Incidentally, if $\Delta = 0$, then at least one of the critical points has a yvalue of 0 (i.e., lies directly on the xaxis). If both critical points lie on the xaxis, then there is exactly one root; if only one does, then there are exactly two roots. Kind of cool, though maybe not relevant. I don't know how to prove this rigorously, but here's a diagram:
Insert diagram later
2.3Introducing i¶
We now introduce a formal element $i$, defined such that $i^2 = 1$. We can then rewrite $\sqrt{\Delta}$:
$$\sqrt{\Delta} = \sqrt{  \lVert \Delta \rVert } = \sqrt{1} \times \sqrt{\lVert \Delta \rVert} = i \times \sqrt{\lVert \Delta \rVert}$$
Substituting the term on the right into the formula for the root ($\alpha_1$ from section 1.2), we get:
$$\sqrt[3]{\frac{q + i\sqrt{\lVert \Delta \rVert}}{2}} + \sqrt[3]{\frac{q  i\sqrt{\Delta}}{2}}$$
2.4Polar representations of complex numbers¶
Now we must take a giant leap forward into the world of complex numbers (which we've theoretically only just encountered with our definition of $i$). We can rewrite the above formula by converting each term into its polar^{1} representation (it's pretty trivial to deduce this from $i^2 = 1$, really). In any case, we get this (derivations left as an exercise for the reader):
$$\frac{q + i \sqrt{\lVert \Delta \rVert}}{2} = (r + is)^3 \qquad \frac{q  i \sqrt{\lVert \Delta \rVert}}{2} = (r  is)^3$$
So we can rewrite the formula for the root as
$$\alpha_1 = (r + is) + (r is) = 2r \quad r, s \in \mathbb{R}$$
This is where my notes get a bit confused. First, we note that a nonzero cubic number has 3 cube roots. This has something to do with the unit circle, and from that we get the other cube roots, $\alpha_2$ and $\alpha_3$:
$$\alpha_1 = (r + is)(\frac{1}{2} + i\frac{\sqrt{3}}{2}) = (\frac{1}{2} r  \frac{\sqrt{3}}{2}) + (i (\frac{1}{2} s + \frac{\sqrt{3}}{2} = r  \sqrt{3} s$$
$$\alpha_2 = (r + is)(\frac{1}{2}  i\frac{\sqrt{3}}{2}) = (\frac{1}{2} r + \frac{\sqrt{3}}{2}) + (i (\frac{1}{2} s  \frac{\sqrt{3}}{2} = r + \sqrt{3} s$$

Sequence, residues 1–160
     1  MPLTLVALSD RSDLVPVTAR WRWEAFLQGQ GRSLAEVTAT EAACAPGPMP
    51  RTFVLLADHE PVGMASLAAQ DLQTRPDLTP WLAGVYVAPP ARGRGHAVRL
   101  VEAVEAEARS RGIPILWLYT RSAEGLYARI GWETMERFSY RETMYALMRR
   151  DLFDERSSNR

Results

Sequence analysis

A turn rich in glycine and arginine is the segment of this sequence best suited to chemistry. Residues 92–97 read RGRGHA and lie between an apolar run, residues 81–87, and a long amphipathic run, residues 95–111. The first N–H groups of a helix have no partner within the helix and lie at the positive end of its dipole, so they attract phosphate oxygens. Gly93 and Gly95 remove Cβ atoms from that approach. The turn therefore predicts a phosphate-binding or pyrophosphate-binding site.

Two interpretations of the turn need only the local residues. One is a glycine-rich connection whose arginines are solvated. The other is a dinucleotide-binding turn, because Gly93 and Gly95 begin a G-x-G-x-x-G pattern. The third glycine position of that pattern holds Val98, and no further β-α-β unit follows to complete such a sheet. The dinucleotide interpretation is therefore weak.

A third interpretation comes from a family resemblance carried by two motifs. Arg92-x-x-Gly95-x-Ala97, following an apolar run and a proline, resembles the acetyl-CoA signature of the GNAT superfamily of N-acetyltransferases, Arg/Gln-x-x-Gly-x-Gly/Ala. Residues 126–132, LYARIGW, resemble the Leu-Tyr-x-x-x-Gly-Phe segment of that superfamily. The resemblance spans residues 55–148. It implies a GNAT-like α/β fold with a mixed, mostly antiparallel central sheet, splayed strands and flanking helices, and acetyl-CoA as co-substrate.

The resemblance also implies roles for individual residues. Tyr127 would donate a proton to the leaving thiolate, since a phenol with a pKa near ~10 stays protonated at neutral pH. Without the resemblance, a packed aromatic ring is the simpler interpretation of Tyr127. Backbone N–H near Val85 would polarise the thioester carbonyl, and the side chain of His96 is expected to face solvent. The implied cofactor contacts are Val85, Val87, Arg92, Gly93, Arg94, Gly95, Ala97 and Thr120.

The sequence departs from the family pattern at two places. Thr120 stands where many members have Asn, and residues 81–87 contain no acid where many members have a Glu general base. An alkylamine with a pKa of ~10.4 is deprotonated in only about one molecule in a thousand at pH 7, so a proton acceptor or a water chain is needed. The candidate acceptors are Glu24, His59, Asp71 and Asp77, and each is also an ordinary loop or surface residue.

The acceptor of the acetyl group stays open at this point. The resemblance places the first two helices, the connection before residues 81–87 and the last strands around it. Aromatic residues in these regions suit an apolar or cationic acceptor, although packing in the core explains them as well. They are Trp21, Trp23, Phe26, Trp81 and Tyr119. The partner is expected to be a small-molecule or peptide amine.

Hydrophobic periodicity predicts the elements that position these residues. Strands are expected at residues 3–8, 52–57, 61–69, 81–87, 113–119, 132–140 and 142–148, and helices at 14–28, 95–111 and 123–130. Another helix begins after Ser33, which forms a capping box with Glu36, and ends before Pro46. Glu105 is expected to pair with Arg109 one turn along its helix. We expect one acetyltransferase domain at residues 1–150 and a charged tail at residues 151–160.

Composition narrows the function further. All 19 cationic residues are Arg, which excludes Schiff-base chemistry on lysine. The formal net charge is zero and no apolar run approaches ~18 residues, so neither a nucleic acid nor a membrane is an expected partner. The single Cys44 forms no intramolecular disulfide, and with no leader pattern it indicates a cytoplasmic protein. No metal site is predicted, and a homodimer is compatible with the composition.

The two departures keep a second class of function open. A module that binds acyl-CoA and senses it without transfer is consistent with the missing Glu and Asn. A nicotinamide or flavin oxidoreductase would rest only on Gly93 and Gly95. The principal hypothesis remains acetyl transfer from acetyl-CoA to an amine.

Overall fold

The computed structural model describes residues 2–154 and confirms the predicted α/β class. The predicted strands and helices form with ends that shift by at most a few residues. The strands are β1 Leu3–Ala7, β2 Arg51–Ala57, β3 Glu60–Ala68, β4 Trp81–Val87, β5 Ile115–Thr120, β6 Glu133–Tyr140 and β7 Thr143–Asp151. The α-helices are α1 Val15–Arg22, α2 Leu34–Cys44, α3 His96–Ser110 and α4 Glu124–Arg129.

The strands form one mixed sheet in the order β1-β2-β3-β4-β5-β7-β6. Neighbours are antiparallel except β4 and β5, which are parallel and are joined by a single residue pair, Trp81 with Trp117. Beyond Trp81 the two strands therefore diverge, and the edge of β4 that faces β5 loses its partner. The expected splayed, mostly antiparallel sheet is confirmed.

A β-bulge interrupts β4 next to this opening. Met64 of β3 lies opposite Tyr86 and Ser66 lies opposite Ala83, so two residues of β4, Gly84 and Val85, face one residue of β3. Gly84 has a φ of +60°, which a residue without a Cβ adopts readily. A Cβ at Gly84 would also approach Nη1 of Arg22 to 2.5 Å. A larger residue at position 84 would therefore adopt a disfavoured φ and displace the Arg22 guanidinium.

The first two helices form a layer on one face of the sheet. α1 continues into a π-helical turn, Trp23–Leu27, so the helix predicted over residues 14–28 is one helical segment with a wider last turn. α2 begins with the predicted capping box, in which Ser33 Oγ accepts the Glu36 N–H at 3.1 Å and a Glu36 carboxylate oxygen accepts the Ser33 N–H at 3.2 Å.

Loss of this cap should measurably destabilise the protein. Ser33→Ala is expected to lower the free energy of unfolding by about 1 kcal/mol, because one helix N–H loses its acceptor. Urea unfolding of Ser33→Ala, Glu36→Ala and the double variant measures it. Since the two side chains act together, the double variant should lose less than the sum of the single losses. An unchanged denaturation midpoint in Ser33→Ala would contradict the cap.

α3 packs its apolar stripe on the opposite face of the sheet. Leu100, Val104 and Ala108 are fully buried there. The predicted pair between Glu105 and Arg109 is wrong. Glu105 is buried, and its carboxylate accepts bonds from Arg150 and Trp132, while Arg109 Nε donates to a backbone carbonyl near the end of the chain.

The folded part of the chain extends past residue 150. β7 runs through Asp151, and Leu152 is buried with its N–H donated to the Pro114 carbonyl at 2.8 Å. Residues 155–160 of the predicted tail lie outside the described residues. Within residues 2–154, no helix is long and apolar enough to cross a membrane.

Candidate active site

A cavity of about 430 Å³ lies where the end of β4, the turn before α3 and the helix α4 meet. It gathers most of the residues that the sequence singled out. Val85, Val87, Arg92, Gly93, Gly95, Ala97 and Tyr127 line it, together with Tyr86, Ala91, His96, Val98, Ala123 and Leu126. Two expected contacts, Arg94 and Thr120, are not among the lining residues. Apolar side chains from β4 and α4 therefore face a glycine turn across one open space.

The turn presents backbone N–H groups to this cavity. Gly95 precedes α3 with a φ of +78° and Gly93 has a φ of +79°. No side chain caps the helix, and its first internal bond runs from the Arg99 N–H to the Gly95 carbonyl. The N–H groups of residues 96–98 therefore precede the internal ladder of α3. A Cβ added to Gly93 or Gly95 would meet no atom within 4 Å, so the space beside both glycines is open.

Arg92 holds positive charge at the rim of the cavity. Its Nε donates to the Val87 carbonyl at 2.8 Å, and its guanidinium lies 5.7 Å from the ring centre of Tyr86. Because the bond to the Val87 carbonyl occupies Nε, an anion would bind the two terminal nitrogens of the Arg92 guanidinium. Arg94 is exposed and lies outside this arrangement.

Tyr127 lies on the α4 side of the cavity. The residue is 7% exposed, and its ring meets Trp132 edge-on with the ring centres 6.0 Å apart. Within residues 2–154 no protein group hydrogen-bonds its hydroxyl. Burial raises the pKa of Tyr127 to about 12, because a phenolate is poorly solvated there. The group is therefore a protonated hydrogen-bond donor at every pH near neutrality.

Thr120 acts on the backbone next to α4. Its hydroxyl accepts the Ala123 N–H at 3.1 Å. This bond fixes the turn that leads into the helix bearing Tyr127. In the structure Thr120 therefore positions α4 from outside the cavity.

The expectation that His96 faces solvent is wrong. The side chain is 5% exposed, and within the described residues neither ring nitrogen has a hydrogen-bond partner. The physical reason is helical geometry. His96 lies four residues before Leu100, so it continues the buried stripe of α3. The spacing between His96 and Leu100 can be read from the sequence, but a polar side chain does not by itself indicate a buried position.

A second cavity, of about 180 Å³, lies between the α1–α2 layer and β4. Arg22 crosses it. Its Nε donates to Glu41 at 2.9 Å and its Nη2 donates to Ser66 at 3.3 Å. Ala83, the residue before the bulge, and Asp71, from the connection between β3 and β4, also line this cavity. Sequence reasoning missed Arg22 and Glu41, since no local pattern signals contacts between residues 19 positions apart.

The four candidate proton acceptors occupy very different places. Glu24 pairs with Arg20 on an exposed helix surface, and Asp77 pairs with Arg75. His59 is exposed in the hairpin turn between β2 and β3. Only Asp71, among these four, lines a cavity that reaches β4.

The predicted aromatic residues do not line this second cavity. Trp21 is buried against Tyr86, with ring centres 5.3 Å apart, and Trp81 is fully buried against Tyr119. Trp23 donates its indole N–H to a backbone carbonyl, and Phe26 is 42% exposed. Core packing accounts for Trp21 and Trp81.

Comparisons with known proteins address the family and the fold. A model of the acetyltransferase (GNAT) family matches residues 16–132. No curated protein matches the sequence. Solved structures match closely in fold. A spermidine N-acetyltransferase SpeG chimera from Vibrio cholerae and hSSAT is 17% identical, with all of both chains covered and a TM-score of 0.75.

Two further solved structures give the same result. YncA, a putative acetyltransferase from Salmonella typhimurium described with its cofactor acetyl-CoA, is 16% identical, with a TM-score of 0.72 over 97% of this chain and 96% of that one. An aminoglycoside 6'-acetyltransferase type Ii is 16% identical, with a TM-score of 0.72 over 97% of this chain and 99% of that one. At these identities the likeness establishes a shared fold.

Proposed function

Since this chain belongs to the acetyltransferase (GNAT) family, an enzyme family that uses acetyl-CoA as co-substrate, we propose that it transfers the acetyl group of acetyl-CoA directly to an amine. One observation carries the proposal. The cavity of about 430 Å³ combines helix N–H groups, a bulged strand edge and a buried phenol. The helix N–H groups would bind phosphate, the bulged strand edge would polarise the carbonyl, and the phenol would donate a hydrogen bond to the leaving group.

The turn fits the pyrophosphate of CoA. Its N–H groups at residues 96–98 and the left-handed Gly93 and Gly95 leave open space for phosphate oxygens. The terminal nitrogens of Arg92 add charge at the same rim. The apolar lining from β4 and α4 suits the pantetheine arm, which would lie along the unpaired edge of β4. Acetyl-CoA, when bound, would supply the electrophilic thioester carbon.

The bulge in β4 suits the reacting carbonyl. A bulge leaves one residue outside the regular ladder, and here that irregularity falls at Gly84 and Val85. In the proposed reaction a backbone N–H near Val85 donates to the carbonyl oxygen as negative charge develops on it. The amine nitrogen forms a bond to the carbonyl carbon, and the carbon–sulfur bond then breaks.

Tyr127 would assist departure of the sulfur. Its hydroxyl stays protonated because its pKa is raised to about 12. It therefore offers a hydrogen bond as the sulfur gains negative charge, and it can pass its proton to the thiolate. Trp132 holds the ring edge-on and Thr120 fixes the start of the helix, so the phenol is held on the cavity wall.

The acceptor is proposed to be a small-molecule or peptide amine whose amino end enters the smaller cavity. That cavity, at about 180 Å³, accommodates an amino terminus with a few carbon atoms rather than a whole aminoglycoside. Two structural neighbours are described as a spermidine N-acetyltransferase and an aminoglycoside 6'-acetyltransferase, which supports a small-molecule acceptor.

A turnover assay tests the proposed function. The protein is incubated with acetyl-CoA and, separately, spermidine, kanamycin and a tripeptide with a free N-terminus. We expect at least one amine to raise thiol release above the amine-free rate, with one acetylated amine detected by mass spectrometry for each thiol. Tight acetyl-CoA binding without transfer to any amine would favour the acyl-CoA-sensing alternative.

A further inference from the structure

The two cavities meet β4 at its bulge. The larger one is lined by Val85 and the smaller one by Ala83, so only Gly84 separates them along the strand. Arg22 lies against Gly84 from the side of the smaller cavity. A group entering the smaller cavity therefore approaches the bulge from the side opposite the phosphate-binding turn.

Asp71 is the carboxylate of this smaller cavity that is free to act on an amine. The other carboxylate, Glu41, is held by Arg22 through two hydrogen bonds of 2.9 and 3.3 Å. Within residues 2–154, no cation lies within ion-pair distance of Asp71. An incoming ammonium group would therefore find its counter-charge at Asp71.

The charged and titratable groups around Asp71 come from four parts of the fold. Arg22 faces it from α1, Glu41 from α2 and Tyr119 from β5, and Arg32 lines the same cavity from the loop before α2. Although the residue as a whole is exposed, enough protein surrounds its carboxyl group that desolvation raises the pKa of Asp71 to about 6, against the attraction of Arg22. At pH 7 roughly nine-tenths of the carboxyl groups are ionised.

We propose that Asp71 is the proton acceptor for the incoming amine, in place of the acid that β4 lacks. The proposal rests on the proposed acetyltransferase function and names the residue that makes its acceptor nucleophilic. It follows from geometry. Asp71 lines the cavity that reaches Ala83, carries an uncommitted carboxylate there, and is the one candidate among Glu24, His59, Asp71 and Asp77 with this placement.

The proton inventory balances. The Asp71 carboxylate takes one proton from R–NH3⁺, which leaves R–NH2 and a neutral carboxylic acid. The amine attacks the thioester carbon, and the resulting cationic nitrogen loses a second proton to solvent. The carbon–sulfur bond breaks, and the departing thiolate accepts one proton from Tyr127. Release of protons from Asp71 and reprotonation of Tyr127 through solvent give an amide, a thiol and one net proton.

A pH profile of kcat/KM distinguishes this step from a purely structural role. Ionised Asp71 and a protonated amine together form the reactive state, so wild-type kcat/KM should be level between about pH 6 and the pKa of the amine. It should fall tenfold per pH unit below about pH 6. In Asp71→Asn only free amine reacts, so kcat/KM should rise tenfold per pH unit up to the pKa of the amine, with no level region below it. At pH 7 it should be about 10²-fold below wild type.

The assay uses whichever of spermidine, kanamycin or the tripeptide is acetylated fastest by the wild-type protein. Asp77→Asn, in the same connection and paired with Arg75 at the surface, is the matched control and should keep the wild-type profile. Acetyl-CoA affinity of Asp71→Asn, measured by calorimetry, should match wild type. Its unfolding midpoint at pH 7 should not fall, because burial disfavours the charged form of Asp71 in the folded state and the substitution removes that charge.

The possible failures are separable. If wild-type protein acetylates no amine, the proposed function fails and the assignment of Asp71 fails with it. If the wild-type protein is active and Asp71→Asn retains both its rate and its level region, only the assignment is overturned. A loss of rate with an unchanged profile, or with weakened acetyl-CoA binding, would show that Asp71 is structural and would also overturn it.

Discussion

So the cube roots are given by $a_1 = 2r$, $a_2 = r  \sqrt{3}s$ and $a_3 = r + \sqrt{3} s$. Note that although there are 6 other (complex) roots, we only consider the real roots, as the others are not what we want.
2.5Properties of complex numbers¶
Let's put that whole last section aside and focus instead on the basics of complex numbers. We can redefine them as 2tuples $(a, b)$, where $a, b \in \mathbb{R}$. A complex number can then be expressed in the form $a + bi$, and we can view it as a point in $\mathbb{R^2}$.
 Addition works like this: $(a, b) + (c, d) = (a + c, b + d)$
 Multiplication works like this: $(a, b) \times (c, d) = (acbd, adbc)$ (the derivation for this is left as an exercise for the reader)
We can prove that these operations satisfy the familiary properties of associativity and commutivity. Additionally, $(0, 0)$ is the identify for addition, and $(1, 0)$ is the identity for multiplication; every element has an additive inverse, given by $(a, b)$; and every element has a multiplicative inverse, given by $\displaystyle \left (\frac{a}{a^2 + b^2}, \frac{b}{a^2+b^2} \right)$ (derivation omitted for brevity). We also have the distributive laws, etc. That should be it for that.

I'm trying really hard to not make a terrible pun involving (manic)depressed cubic equations and polar representations ↩